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J Med Chem. 1994 Dec 23;37(26):4576-80.

Four amino acid exchanges convert a diazepam-insensitive, inverse agonist-preferring GABAA receptor into a diazepam-preferring GABAA receptor.

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Laboratory for Molecular Neuroendocrinology, Center for Molecular Biology, Heidelberg, Germany.


Benzodiazepines (BZ) exert their effects through GABAA receptors, which belong to the superfamily of ligand-gated ion channels. Coexpression of recombinant alpha, beta, and gamma subunits in a cell culture system mimics the BZ binding sites. The alpha variants largely determine the nature of the BZ binding site in such alpha i beta j gamma k heteromultimers (i = 1-6; j = 1-3; k = 1-3). Notably, the alpha 1 and alpha 6 variants confer high and low affinity for BZ agonists to the resulting receptor subtype, respectively. Glycine/glutamate and histidine/arginine positions in the alpha subunits of alpha x beta 2 gamma 2 receptors are involved in BZ I versus BZ II type selectivity. We now identify four amino acids in alpha 6 which together increase the affinity of the mutant alpha x beta 2 gamma 2 receptor for classical BZ receptor agonists above the level seen for any wild-type GABAA/BZ receptor. The most pronounced effect was due to an isoleucine to valine exchange. It simultaneously decreased the affinity for the BZ partial inverse agonist Ro 15-4513 20-fold and increased the affinity for diazepam 4-fold. The four amino acid residues stretch over most part of the N-terminal extracellular domain of the alpha subunit, suggesting that amino acids distant in the primary sequence form the BZ binding pocket.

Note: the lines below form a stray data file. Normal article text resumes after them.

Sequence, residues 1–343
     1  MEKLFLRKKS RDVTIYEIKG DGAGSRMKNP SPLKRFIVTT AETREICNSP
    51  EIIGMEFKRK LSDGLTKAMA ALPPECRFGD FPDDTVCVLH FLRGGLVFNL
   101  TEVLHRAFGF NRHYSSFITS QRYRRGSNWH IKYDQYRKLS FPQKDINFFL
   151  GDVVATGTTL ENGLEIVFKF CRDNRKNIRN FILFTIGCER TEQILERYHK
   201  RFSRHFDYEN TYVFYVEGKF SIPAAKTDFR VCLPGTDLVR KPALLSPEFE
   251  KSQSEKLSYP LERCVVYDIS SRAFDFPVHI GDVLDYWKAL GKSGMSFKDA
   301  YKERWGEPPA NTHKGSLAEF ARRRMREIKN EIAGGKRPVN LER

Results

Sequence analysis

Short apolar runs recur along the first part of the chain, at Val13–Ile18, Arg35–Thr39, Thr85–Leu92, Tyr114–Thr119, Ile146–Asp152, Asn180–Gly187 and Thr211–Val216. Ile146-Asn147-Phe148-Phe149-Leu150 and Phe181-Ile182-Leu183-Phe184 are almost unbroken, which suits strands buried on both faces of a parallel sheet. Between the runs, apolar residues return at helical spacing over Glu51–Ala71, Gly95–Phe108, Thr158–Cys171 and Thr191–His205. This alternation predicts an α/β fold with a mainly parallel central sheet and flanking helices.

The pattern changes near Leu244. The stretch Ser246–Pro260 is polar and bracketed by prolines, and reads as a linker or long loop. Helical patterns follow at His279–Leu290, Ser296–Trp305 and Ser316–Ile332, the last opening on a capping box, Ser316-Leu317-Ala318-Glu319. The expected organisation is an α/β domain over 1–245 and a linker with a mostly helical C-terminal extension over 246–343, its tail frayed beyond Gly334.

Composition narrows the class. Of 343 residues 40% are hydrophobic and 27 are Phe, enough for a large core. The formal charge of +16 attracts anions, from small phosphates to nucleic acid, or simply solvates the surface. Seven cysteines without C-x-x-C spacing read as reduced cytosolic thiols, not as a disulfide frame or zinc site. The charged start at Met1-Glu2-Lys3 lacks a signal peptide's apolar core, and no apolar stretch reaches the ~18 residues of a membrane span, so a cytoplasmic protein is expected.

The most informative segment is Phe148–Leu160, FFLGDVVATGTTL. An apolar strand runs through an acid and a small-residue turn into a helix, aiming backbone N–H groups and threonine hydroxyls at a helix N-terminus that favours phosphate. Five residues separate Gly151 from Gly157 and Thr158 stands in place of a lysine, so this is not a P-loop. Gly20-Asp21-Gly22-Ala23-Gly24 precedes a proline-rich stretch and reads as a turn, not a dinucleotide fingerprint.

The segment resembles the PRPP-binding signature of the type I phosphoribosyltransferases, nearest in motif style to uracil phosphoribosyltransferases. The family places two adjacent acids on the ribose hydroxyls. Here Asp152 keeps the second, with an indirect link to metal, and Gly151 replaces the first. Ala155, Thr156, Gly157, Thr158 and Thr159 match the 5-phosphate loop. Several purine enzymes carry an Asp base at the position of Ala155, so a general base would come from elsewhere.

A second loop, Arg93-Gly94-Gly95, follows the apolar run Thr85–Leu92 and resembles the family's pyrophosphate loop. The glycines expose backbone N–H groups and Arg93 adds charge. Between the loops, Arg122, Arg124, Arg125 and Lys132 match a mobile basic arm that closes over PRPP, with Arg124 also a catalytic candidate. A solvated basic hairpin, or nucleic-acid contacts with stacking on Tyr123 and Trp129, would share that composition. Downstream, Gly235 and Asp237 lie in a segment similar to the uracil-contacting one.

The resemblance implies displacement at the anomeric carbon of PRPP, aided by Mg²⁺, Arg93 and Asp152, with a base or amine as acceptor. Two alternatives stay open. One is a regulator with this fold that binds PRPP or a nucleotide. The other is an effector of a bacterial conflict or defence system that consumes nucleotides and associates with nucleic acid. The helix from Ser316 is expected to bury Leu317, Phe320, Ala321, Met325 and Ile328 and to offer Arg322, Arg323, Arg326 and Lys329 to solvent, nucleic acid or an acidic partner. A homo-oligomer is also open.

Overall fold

[Indexed for MEDLINE]

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